Commentary: A restaurateur’s opinion on mandated menu labeling

July 25, 2010

When the U.S. House of Representatives passed its sweeping health care reform bill in March, many in the restaurant industry – including the National Restaurant Association, applauded the bill’s provision that requires  calorie labeling on chain restaurant menus, menu boards, and drive-thru displays.

The legislation applies to chains with 20 or more outlets and will be enacted beginning in 2011.

Menu labeling certainly isn’t a new concept. The Center for Science in the Public Interest (CSPI) began pressing for labeling in 2003. New York City’s Board of Health issued the regulations in 2006, and California followed suit in 2008.

Still, as with any new legislation, there are plenty of naysayers. Some think the changes will cost too much to implement, others think nutritional information is already plenty-available. A handful believe the law is overreaching, while other detractors think the effort is too small to combat a growing obesity epidemic. A few restaurateurs may even be apprehensive to publish nutritional information of some of their items due to high caloric or fat content.

But naysayers aside, there are plenty of industry insiders welcoming the change. One such player is Jeff Sinelli, founder and chief vibe officer of Which Wich and founder of Burguesa Burger.

Sinelli shared his thoughts about how the impending legislation will affect his business – and the restaurant industry – for the better, but also cautions against relying solely on the industry to provide nutritional education:

At Which Wich, we are not opposed to publishing nutritional information. This isn’t a new issue for us; as we started to develop nationally, we had to deal with city and county requirements surrounding menu labeling, and most were way ahead of this curve.

Although the menu analysis cost us close to $20,000, it was worth every penny because we learned a lot along the way. We’re proud to say that more than 10 of our sandwiches are considered healthy dining options, which opened up marketing opportunities for us. We can now play to those strengths.

That said, most restaurateurs are opposed to sharing nutritional information about their menus because it exposes hard facts about the food, which aren’t always positive. And, yes, it can take away the guilty pleasure often associated with dining out.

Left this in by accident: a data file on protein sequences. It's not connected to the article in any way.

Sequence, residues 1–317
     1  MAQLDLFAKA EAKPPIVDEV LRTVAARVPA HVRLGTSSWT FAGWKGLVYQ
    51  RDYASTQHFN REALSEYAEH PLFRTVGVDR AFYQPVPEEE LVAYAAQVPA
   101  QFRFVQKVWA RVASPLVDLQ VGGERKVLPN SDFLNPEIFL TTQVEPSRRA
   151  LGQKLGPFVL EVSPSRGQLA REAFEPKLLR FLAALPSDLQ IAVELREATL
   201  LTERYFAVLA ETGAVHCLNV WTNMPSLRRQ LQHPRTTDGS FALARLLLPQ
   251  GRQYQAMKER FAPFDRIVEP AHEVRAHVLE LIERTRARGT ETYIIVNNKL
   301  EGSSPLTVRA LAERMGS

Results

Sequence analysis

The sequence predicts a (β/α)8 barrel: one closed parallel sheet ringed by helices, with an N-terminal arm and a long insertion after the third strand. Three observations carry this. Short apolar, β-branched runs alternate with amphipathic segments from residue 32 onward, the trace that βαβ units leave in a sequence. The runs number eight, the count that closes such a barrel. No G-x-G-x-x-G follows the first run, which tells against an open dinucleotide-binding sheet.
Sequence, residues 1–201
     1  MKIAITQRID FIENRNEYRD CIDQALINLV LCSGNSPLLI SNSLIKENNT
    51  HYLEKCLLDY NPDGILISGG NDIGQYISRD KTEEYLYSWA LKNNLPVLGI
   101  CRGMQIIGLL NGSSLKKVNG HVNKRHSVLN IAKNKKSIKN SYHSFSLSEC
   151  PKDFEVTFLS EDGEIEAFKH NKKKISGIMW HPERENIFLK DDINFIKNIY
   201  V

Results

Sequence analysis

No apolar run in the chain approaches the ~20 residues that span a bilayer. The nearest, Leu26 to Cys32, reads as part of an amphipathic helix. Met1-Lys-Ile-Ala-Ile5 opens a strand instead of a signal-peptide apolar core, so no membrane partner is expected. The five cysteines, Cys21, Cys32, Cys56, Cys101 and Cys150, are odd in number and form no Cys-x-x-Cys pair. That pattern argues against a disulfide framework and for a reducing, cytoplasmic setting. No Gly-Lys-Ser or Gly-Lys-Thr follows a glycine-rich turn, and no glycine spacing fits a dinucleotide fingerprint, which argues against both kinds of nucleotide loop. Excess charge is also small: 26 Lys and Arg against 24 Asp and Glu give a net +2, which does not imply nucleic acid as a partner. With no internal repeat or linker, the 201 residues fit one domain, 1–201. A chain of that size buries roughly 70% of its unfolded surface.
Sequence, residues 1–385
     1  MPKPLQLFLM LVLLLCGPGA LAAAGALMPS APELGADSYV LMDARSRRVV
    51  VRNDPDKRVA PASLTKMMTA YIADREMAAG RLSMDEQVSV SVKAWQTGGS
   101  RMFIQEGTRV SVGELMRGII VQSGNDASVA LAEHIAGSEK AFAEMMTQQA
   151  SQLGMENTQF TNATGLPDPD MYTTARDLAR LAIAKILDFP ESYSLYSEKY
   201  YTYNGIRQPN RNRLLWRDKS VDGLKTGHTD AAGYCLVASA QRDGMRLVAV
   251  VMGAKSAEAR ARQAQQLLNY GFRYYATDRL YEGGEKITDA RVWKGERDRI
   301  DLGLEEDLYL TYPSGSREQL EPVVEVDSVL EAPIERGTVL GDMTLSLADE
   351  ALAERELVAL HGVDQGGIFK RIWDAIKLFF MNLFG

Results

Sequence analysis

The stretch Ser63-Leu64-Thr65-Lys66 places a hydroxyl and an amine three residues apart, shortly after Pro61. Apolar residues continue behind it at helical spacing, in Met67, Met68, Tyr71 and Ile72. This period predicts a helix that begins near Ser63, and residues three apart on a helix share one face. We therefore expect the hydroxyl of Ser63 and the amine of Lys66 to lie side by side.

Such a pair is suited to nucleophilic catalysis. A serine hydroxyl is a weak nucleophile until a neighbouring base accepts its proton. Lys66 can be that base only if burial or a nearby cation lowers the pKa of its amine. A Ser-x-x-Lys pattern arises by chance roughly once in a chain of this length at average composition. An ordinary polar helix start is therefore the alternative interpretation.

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I’ve received e-mails, requesting the number of calories in La Monumental, the signature burger at Burguesa Burger. My response to a question like that is – “If you have to ask, then you shouldn’t be eating it.”

Ultimately, it has to be the consumer’s responsibility to make good choices. Do we as restaurant operators play a role in that decision-making? Absolutely. We should provide our ingredients and certain information about our menu items so every guest can make an informed decision.

However, it’s not up to the restaurant industry to educate consumers about what they eat. The government can’t expect restaurants to teach the public about food science and nutrition.

The truth is, in this country, we’ve got an epidemic on our hands. The majority of our population is overweight. It doesn’t matter who’s to blame. What does matter is how we all play our parts to fix it. Because the government has put restaurants in the middle, we’ll play that middle role and provide information about our menus.

Menu labeling raises the consciousness of restaurant operators and developers, which can only bring about positive change. We can provide healthier menu options to cater to those who need them.

We’re about to start testing salads at Which Wich to provide some variety and new, healthier options for our guests, and we’ve been working with But, ultimately, we also believe in balance—and that means a well-rounded menu that includes indulgences, too.

On a personal note, I’ve taken a renewed interest in my own health, and I believe in the mantra of personal responsibility. This year I’ve lost almost 50 pounds, so I hope to be a positive role model in this way.

Just as it takes a village to raise a child, it takes a village to teach people about nutrition and how to take responsibility for what they eat. Parents, schools, government—all have a crucial role in this education. The restaurant industry is willing to do its share, but let’s not put the entire burden on us.

Jeff Sinelli is founder and chief vibe officer of Which Wich and founder of Burguesa Burger. On Wednesday, will run more commentary regarding menu labeling from a marketing and promotions standpoint.


Topics: Food & Beverage , Health & Nutrition , Menu Boards , Policy / Legislation

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